Mycorrhizae is the union of plant root and fungal mycelia. Joined together, they continually bargain resources as plants offer sugar from photosynthesis, and the fungi trade scant soil nutrients like nitrogen and phosphorus. The mycelial surface area with its adept extracellular digestion enhance its ability to find and mobilize soil nutrients that many plants otherwise could not access. Now there are plenty of specialized plants that have evolved adaptations to tap into their environment’s resource pool without the need of mycorrhizae, but the majority of plants today do partake in this mutualism. As soon as I learned that 90% of all plants form mycorrhizal relationships, I knew I was in the right field. 90% sounds crazy though. Was this mutualism a newer adaptation that spread quickly throughout the plant kingdom because it greatly enhanced their fitness? Or is it an ancient, conserved symbiosis that the first land plants engaged in when they started colonizing terrestrial ecosystems 460 million years ago? Because so many plant species form mycorrhizae, I hypothesize the latter; an ancient mutualism.
I recently found out that the oldest root like structures evolved to access nutrients and water, but not directly. Since fungi were already proficient in acquiring nutrients it makes sense that given enough time, they paired up with an autotroph that needed some help. Photosynthesis is quite the chemical and physical feat as organisms on Earth harness the energy from our nearest star. When these two paired together, they greatly enhanced their fitness and ultimately changed the ecological trajectory of life on Earth.
Plant roots have come a long way from the prehistoric non-vascular subterranean stems called rhizomes. In this review paper, botanists and mycologists alike theorize that roots evolved for two reason. Thick rhizomes structurally supported aboveground mass, and thin rhizomes housed mycorrhizal fungi. Evolutionarily speaking, plants could not make the jump from a single cell living in solution, to a multicellular, resource acquiring machine overnight. They depended on the glomeromycota to forage for soil resources early on, which is why nearly all land plants have conserved this symbiosis.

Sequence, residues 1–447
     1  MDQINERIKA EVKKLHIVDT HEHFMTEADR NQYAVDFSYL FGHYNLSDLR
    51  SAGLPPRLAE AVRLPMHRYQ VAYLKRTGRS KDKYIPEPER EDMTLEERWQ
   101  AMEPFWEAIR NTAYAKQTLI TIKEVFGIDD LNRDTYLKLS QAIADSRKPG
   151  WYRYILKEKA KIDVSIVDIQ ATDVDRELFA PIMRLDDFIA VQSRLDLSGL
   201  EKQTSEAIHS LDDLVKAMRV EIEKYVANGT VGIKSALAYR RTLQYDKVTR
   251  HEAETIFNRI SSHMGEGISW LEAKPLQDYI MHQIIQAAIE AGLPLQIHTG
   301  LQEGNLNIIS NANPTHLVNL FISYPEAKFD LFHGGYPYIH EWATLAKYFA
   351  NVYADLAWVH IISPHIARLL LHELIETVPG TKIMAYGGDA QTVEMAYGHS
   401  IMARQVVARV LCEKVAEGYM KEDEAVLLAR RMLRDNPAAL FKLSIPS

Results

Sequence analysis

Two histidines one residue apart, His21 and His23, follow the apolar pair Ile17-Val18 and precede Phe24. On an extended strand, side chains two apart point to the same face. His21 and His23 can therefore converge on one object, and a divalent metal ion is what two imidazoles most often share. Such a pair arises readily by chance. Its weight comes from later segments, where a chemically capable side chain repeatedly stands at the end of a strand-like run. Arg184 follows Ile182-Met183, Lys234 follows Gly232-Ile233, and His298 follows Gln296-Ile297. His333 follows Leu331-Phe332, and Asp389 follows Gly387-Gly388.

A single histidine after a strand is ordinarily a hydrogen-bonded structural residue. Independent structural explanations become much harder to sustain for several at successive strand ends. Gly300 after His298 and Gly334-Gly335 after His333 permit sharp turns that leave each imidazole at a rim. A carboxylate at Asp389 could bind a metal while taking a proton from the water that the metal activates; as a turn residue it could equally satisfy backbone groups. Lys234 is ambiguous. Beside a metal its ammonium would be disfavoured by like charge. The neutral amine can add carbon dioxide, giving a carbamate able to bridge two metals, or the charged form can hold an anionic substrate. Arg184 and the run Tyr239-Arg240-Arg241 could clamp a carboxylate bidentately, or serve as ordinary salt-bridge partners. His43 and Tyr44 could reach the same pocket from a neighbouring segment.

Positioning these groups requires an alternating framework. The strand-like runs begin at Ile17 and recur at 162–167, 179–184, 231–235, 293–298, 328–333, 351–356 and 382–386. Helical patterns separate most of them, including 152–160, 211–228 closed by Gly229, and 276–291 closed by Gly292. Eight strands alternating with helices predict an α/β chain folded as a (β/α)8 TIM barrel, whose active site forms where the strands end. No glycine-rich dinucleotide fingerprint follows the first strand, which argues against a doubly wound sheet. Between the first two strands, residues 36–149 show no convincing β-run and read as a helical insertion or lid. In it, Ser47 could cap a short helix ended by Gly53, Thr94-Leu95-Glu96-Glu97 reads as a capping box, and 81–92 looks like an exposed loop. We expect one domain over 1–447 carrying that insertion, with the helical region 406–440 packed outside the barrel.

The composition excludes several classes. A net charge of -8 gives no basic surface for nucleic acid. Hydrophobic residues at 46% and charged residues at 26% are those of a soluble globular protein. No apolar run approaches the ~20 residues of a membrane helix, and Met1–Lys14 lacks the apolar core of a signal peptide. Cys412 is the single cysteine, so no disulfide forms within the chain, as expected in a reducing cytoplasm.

The first and most prehistoric mycorrhizal fungus are the glomeromycota. These fungi don’t form spore bearing mushrooms like we’re used to seeing. Instead, they reproduce asexually to form long lasting soil born glomerospores. This division of fungi form the most intimate relationships with plants called endomycorrhizae. Endomycorrhizae exchange materials through arbuscules; branch-like structures that form within the cells of the outer root. Recently, a fossil of a glomerospore was found from a region of rock formed during the Ordovician. It was this exact time 460 million years ago that land plant appeared on Earth. Coincidence? I think not. Plant roots became elongated, highly branched plant appendages that ultimately increased the surface area where arbuscular mycorrhizal fungi (AMF) could engage in and trade resources.
Soon enough, plant roots that followed this trajectory became so highly branched, they acquired the ability to inhabit the forest floor alone without paying a sugar reward to a fungal counterpart. The majority of non-mycorrhizal plants today are of recently evolved lineages. Many non-mycorrhizal plants create fungal inhibitory zones around their roots by releasing noxious chemicals into the soil that reduce spore germination. Though, it’s not all black or white. Facultative plants can engage in mycorrhizae, but do not require them. Whether or not plants facilitate mycorrhizae depends on habitat type. Nutrient poor substrate increases the chance of finding a facultative plant housing AMF.
It would be simple enough to say that land plants evolutionarily traversed from requiring AMF, to being facultative, eventually to become independent from its ancient symbiote, but you know it’s not that simple. The orchids are new to the face of Earth, but their relationship with mycorrhizae is completely obligatory. Mycorrhizae of orchids nearly nurse seeds into germination, and support the plant for months without any sugar rewards. It’s almost like the fungus is investing resources to get paid with sugar at a later date; a relationship that I find hard to evolve. Maybe orchids trick the fungus early on. Starting off parasitic until its photosynthetic machinery starts efficiently generating sugars? I truly don’t know, and look forward to writing a piece on orchid mycorrhizae once I learn more.
Today, we see that the modern forest floor was set in motion by the earliest land plants and AMF. It’s neat to find evolutionary and ecological trajectories, but they are never a straight line with an end goal. Species compete, coalesce, and parasitize their way to extend their existence. The vast majority go extinct. What we see in nature are the descendants of organisms that made it. We also get to see the plasticity of their ancestor’s genes, in a cutthroat concerto called life on Earth.